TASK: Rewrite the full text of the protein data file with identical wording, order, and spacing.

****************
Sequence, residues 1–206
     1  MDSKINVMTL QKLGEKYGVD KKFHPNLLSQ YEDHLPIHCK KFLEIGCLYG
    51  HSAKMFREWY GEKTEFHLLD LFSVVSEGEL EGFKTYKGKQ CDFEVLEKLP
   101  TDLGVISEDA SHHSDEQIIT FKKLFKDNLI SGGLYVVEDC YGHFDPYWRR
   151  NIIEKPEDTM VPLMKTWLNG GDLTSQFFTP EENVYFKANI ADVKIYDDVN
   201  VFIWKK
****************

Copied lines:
Sequence, residues 1–206
     1  MDSKINVMTL QKLGEKYGVD KKFHPNLLSQ YEDHLPIHCK KFLEIGCLYG
    51  HSAKMFREWY GEKTEFHLLD LFSVVSEGEL EGFKTYKGKQ CDFEVLEKLP
   101  TDLGVISEDA SHHSDEQIIT FKKLFKDNLI SGGLYVVEDC YGHFDPYWRR
   151  NIIEKPEDTM VPLMKTWLNG GDLTSQFFTP EENVYFKANI ADVKIYDDVN
   201  VFIWKK